Another great read:  If you're down, don't get up (just yet): 5 Tips to help you heal

Your kids will still love you if you don’t provide exactly what they ask for, and you will still be a good parent.

The worry: What will I get my partner?

A good solution here is simply to ask. It might feel less magical, or unromantic, but if you are actually feeling stressed about it then a solution is to ask.

Will they like it? See above (the section on buying the ‘perfect gifts’ ) and also, if it’s not their ideal gift and the one thing they always wanted this is not a disaster. Your relationship will remain intact, and if it doesn’t as a result of a gift, then again, the issue for review here is the relationship, not the gift.

The worry: When will I get my new clothes? hair done? nails done?

Solution: These things might be rituals for you that you think of as essentials, but ask yourself – are they really necessary? They are treats, and if you really have the money and the time, go for it. If they are actually adding to your sense of stress then these treats have become ordeals. You have a choice, do you want to increase your stress levels? Or would your time and money be better spent elsewhere?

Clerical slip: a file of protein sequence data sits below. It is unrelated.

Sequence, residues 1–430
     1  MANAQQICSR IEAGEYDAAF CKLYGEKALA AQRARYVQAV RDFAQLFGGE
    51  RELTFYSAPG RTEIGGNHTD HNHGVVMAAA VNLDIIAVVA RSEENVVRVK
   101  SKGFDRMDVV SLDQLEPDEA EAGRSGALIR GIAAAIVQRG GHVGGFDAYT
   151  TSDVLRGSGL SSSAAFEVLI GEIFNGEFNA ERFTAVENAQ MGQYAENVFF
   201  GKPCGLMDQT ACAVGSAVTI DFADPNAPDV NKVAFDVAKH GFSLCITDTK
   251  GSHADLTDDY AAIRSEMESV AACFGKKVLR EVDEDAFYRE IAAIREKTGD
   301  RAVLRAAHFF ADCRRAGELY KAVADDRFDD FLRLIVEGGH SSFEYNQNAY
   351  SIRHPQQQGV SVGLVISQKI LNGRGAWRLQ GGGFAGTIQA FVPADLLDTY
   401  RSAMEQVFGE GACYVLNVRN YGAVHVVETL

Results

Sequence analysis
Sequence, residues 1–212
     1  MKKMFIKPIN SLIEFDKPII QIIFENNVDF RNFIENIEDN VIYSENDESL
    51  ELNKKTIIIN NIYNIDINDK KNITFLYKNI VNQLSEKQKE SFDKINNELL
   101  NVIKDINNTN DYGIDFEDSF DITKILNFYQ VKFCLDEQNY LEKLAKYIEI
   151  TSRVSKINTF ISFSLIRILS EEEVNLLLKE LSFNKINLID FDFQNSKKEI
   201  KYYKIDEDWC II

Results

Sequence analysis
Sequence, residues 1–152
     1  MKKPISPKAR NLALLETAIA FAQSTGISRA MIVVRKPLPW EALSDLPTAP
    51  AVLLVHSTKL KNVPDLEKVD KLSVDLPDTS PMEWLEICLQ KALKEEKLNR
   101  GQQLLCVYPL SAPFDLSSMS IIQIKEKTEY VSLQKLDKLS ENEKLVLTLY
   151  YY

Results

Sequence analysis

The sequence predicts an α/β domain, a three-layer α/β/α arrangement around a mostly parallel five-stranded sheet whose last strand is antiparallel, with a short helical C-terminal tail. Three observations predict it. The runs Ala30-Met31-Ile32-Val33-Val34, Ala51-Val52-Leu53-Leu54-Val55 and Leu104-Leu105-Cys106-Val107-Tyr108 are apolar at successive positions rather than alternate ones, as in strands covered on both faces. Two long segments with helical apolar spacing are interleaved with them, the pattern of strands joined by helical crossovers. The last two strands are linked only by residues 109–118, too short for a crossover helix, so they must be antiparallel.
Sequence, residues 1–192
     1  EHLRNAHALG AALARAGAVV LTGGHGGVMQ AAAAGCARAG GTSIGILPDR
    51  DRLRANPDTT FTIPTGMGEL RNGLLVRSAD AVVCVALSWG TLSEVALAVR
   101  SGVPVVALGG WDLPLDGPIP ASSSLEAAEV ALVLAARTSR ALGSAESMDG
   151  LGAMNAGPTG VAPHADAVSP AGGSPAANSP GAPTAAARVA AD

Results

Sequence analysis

Self-care is really important all year, but perhaps particularly so at this time of year when there is so much stress and emotion in our lives.

In our next holiday post we’ll talk about the social stresses of this time of year and how to manage them. In our third post of this series we’ll give you some nice ‘festive-season’ self-care tips.

Meanwhile, perhaps you’d like to make yourself a nice hot drink now before you get on with the rest of your day / evening?



We hope that’s been helpful so far!

Do remember you can sign up for our posts so that you get an email when our next post is published.

Thanks for reading!:)

Love This? Share This!
Share On Twitter
Share On Stumbleupon

Leave a Reply

Your email address will not be published. Required fields are marked *